5 Tips for Staying Safe in the Hospital

 In Health Care, Personal Health Record, Preventative Care

Although doctors take an oath to “do no harm”, unfortunately many preventable medical mistakes are made, often in the hospital setting.  180,000 deaths among Medicare patients alone due to “adverse events” were reported in the latest Institute of Medicine report, ranking “preventable harm” as the number 3 cause of death in the U.S. after cardiovascular disease and cancer.  What can we, as patients, do to prevent such errors?

Here are 5 tips for staying safe in the hospital.

1.     BE PREPARED.  Everyone should maintain a Personal Health Record (PHR) and bring this with them to the hospital. You should include in your PHR a complete list of medical conditions, hospitalizations, surgical procedures, names and doses of all medications  you’re taking, a list of medication allergies, names and phone numbers of all medical providers and the names and contact information for the people you have chosen as your emergency contacts.  “Advance directives” (a set of written instructions that specifies what medical actions should be taken for your health if you are no longer able to make decisions due to illness or incapacity) or paperwork designating a “power of attorney” or a “health care proxy” (a legal document authorizing someone to make decisions on your behalf in the event that you are unable to communicate for your yourself) should also be included in the PHR.

2.     ALWAYS HAVE SOMEONE BY YOUR SIDE.  A family member, friend or personal healthcare advocate can make certain that your words and wishes are accurately conveyed to hospital staff and can monitor your care.  Your personal advocate can help you ask important questions, serve as an extra set of eyes and ears and keep track of all of the hospital personnel involved in your care.  Know who the “admitting doctor” is, because he or she is overseeing all of your care.  Keep a notebook by your bedside to record the names and contact information of all of the medical providers who enter your room.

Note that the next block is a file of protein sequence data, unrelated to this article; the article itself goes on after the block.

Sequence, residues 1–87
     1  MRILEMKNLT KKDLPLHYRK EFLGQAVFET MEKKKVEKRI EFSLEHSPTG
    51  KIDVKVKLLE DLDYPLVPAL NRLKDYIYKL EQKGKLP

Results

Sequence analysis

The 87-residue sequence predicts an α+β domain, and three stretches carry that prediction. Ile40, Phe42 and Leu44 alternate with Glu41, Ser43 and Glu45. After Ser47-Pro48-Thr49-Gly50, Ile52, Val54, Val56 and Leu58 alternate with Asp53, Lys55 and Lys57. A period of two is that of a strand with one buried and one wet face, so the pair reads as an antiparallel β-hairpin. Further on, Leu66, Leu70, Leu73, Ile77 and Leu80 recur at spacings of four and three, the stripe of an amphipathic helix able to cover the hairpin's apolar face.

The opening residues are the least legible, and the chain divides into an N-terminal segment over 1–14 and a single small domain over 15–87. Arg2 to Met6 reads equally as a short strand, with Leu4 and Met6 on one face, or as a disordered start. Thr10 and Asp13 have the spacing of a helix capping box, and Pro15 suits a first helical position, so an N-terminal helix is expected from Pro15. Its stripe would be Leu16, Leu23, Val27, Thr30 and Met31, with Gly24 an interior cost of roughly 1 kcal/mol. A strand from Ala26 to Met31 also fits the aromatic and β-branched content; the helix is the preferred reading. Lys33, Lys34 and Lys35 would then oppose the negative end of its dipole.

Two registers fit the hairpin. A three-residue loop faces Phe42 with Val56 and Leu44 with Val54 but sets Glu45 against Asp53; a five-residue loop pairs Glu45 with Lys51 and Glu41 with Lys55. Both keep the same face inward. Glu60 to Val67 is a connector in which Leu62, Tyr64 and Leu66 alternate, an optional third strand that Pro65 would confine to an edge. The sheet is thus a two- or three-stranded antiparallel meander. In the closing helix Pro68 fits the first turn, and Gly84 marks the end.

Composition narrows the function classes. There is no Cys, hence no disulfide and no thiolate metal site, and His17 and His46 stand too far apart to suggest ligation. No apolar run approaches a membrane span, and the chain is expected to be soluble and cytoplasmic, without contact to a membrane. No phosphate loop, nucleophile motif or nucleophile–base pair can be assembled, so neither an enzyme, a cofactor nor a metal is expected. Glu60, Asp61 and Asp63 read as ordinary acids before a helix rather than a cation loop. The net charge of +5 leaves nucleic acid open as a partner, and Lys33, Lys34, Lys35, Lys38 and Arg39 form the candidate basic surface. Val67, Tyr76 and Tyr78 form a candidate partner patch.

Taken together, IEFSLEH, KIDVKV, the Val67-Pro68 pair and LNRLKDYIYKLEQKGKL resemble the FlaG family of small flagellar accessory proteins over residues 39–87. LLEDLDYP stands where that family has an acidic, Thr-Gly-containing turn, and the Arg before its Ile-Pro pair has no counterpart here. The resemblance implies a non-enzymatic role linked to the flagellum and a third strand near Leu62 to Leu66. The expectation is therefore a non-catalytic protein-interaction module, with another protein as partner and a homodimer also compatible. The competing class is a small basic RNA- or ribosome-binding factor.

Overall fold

3.  READ AND UNDERSTAND EVERYTHING YOU ARE ASKED TO SIGN. If you are confused about anything, ask questions until you understand.  Make sure you understand the risks of any procedures being recommended. Know the purpose of all tests that are being ordered (or scheduled), and what the doctor is looking for.

4.  QUESTION ALL MEDICATIONS.  Make sure you understand what medications are being given, what they are being given for, and what their potential side effects are.  Don’t forget to inform your doctors of all medications you currently take as well.

5.  INSIST ON HAND WASHING.

Many hospital acquired infections can be avoided by this simple ritual. Some bacteria have become “antibiotic-resistant” and these present a very serious concern.  A recent CDC study reports about 9,300 hospital infections occur each year with a type of antibiotic-resistant bacteria called Carbapenem-resistant Enterobacteriaceae, or CRE. Half the people who get bloodstream infections from CRE die.

[callout1]Do not be afraid to request that everyone who is providing care washes their hands in front of you.[/callout1]

While being hospitalized can’t always be avoided, it’s important to be mindful and aware of everything that’s going on with your care.  A personal advocate, like Dr. DeVore, who is knowledgeable about the health care system and medicine, can assist you to make sure that you ask the questions that need to be asked.  So please remember these 5 tips for staying safe in the hospital because, understanding your needs and your care and making informed choices are what will make your hospital stay safe and healthy.

Carol Gordon DeVore, M.D.

Carol Gordon DeVore, M.D.

Founder & Patient Advocate at Amazing Healthcare Consultants
Twenty nine years as a physician have brought me great personal and professional satisfaction, but a new passion has driven me to change directions within the healthcare system. I'm acutely aware of the confusion and frustration that patients face as they navigate the healthcare "maze" and look forward to helping patients in many new ways as a private healthcare advocate.
Carol Gordon DeVore, M.D.

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